Standing at busy Ludgate Circus, with St Paul’s Cathedral behind you, it would be hard to imagine that you are just steps away from a pot of Monkey-picked Oolong plus a choice of some thirty-odd types of tea.
However behind a somewhat faceless office block facade, a few steps to your right is To A Tea.
Pushing open the doors, one expects to step into the lobby of some faceless company.
It is a pleasant surprise therefore to find this rather nice tea room, with an excellent choice of brews.
With the weekend upon us, a quick mention for Gail’s Bakery, Soho in appreciation of them opening till 10pm in the evening and 7pm on Sunday.
Most cafés close at 6pm, so this is a great if you are in the West End in the evening and, instead of a crowded pub, what you really fancy is a nice cup of tea.
Gail’s has a smart, clean urban interior. White-washed brick work, herringbone parquet floor, white lacquer counter-top contrast with pillar-box red stools and teapots. Set on a corner, there is seating around a large table at the rear and adjacent to the high windows.
Earl Grey was Prime Minister of the British Isles from 1830-34. Famous for having a type of tea named after him, he lived at number 13 Carlton House Terrace.
Next door, at number 12, the Institute of Contemporary Arts has a lovely café, that serves a good cup of tea all these years later.
The ICA was formed in the 1940’s by Surrealist Roland Penrose and anarchist Herbert Read as a meeting place for artists and intellectuals. It has been in the Mall since the sixties.
Today, there is an art house cinema, gallery space, and art bookshop. They stock an impressive range of art theory books with zippy titles (more…)
Newburgh St. is a pleasant cobbled side street running parallel to Carnaby street – a handy cut-through from Oxford Circus to Soho. I was doing just this, when I noticed a handsome shop on the corner of Foubert’s Place which seemed to be glowing red from inside.
“That’s very curious!” she thought. “But everything’s curious to-day. I think I may as well go in at once.” And in she went.
The Fleet River is one of London’s lost rivers. Running underground from Hampstead via Kentish Town, Kings Cross and Clekenwell into the Thames at Blackfriars; it was once a major waterway with healing wells along it’s course.
With the industrial revolution, the once clear waters became polluted and the Fleet was gradually bricked over. There are some extraordinary photos and a brief history of the river here.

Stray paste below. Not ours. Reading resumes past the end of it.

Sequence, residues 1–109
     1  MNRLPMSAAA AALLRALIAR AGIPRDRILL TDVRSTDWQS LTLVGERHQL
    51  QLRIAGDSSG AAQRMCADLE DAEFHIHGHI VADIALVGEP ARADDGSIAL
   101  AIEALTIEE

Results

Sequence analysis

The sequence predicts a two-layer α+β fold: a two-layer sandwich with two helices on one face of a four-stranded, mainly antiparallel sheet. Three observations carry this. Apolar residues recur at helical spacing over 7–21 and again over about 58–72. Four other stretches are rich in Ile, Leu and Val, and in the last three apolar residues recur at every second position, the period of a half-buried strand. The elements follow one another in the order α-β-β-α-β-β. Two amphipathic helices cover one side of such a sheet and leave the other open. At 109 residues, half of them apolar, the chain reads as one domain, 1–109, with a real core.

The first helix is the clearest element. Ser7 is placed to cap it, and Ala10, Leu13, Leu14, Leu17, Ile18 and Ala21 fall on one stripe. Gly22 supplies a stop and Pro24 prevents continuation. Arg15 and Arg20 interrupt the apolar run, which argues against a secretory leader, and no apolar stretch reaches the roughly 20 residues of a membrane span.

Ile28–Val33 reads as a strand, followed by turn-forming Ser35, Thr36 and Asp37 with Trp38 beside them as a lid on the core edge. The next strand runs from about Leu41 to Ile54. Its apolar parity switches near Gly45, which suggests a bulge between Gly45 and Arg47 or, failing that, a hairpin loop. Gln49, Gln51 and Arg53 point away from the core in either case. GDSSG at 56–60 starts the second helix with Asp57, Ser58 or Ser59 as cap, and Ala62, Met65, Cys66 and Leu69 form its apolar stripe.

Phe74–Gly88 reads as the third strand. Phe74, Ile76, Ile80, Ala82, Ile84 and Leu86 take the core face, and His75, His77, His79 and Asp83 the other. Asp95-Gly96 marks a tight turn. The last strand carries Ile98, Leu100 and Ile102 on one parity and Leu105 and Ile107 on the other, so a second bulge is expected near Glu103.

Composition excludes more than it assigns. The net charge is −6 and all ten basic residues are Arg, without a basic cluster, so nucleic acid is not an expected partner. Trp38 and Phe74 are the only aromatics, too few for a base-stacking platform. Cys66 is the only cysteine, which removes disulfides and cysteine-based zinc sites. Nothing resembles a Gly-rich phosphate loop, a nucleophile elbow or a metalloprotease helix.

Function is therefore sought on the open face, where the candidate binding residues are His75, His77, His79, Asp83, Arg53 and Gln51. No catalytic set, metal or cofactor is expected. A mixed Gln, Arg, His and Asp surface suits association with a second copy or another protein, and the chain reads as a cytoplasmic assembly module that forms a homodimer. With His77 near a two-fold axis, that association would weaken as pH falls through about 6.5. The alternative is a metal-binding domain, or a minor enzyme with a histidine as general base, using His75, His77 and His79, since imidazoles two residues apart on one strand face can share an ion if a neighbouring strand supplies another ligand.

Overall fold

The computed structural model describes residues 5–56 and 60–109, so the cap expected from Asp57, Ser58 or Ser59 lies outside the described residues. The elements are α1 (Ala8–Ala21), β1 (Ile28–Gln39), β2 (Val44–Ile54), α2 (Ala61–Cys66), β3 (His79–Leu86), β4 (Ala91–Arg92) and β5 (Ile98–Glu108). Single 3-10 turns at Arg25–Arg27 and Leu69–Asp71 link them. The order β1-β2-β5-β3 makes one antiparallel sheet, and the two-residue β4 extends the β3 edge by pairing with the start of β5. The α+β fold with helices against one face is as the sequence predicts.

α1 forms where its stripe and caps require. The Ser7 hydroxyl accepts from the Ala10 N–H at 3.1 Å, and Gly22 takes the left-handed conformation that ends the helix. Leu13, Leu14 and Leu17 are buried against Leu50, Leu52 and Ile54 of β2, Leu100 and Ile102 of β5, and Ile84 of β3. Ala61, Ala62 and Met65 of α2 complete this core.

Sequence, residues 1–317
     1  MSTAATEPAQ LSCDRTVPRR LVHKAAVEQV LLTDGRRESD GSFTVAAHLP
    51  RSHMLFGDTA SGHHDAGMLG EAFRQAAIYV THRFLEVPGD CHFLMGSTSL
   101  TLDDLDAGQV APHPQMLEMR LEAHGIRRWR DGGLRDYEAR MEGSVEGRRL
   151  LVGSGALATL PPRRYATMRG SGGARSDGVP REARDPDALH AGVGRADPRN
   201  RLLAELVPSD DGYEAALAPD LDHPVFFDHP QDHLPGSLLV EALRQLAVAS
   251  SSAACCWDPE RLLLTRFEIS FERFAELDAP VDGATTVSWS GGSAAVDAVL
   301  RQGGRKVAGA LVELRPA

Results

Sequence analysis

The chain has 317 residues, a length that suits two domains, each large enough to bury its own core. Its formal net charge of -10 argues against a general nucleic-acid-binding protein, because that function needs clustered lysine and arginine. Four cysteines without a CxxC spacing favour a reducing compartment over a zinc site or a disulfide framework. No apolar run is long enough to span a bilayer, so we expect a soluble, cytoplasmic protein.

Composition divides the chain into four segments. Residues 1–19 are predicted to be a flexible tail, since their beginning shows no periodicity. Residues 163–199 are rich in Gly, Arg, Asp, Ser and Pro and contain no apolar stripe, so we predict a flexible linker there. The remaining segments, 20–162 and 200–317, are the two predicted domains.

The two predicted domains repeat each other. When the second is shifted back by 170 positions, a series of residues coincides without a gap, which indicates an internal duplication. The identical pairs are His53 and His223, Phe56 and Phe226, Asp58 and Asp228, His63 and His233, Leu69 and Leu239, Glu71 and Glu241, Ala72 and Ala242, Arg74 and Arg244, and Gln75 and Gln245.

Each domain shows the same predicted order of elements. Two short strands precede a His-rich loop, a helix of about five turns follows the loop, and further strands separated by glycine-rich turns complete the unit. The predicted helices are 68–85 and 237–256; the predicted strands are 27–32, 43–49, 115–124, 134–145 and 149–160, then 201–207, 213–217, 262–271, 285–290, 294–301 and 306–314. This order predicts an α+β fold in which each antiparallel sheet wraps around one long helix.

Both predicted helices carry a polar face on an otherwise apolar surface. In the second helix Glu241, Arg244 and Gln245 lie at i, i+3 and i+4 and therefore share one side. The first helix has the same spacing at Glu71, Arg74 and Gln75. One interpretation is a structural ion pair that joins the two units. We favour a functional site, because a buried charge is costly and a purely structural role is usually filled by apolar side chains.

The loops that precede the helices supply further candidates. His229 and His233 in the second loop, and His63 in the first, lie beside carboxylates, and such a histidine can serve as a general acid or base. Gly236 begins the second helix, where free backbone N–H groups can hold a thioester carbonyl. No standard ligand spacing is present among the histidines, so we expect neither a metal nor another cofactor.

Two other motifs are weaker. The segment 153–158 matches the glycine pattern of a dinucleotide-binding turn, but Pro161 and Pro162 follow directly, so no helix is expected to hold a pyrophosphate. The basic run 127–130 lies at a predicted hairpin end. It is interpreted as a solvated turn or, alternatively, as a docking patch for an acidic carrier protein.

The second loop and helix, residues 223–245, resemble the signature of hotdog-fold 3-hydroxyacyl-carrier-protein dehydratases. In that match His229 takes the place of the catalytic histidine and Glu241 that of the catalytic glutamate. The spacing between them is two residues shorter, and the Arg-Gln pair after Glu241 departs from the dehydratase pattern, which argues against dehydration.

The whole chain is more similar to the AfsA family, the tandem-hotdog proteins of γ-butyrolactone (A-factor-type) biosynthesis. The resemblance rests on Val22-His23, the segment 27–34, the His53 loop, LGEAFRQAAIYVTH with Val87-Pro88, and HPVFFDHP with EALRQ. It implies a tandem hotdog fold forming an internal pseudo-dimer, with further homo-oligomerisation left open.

The Fleet River Bakery is in Lincoln’s Inn Fields, behind Holborn Station. A welcome independent cafe in this area of chains, they bake everything on site from scratch. Emphasis is on the (more…)
London has had a pretty good summer, with the Queen doing us proud, and the running thing.
We have even had rubbish weather – how else to make idle conversation? – rain to sunshine in a matter of minutes.
I experienced this when, walking along Wigmore street, I stepped into Comptoir Libanais to escape a shower and enjoy a cup of tea.
The interior was bright and joyous in contrast to the grey skies outside. A welcome bit of North African vibrancy. The shelves are packed to the ceiling with tins of harissa, huge jars of pickles, packets of tea, henna, olives, chillies, wine, rose-water and coffee.
You can buy colourful baskets and (more…)
Somerset House, originally a Tudor Palace, has been home to Elizabeth I, the Navy and the Royal Academy of Art. It has seen routs and masquerades, and has fallen into ruin – ‘…the haunt of spectres…magicians and murderers.’
The free tour gives an excellent overview of it’s extraordinary history.
It was fascinating to visit the lightwells – underground alleyways visible from the courtyard – and the ‘Dead Room’, with it’s Catholic gravestones.
Easy to see why Somerset House is used by film crews as an atmospheric London location.
The Courtyard is a fantastic space, unique in London. The East wing is home to an eatery, and very fine place for a cup of tea. (more…)
Damson is perched on the corner of New Compton Street and St Giles High Street. The hand-painted sign and soft grey-green painted woodwork make a refreshing, almost defiant, contrast to the branding in the imposing Stickle Brick fortress of Central St Giles in whose shadow it sits.
I received a friendly welcome and chose a pot Silver Tips White Tea from a list that included Jasmine Pearls, Earl Grey, English Breakfast, Chai and Rooibos. My pot of tea, which was brought to my table, was lovely, light and refreshing.
The pleasant interior is fresh and airy with high-shuttered windows. Recycled wood and stained-glass (more…)